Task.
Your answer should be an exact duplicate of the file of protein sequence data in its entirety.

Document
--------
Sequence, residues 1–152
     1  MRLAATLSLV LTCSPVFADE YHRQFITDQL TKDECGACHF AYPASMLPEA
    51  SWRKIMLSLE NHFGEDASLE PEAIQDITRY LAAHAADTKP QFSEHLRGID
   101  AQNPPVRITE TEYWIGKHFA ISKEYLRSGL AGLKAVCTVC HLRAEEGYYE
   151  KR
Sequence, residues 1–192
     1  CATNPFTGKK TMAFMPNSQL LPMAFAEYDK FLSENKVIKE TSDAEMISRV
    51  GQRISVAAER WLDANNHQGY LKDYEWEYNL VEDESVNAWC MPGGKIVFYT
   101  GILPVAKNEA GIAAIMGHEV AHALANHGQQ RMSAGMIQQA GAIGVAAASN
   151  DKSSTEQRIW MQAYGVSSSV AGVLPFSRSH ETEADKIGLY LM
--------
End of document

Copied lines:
Sequence, residues 1–152
     1  MRLAATLSLV LTCSPVFADE YHRQFITDQL TKDECGACHF AYPASMLPEA
    51  SWRKIMLSLE NHFGEDASLE PEAIQDITRY LAAHAADTKP QFSEHLRGID
   101  AQNPPVRITE TEYWIGKHFA ISKEYLRSGL AGLKAVCTVC HLRAEEGYYE
   151  KR
Sequence, residues 1–192
     1  CATNPFTGKK TMAFMPNSQL LPMAFAEYDK FLSENKVIKE TSDAEMISRV
    51  GQRISVAAER WLDANNHQGY LKDYEWEYNL VEDESVNAWC MPGGKIVFYT
   101  GILPVAKNEA GIAAIMGHEV AHALANHGQQ RMSAGMIQQA GAIGVAAASN
   151  DKSSTEQRIW MQAYGVSSSV AGVLPFSRSH ETEADKIGLY LM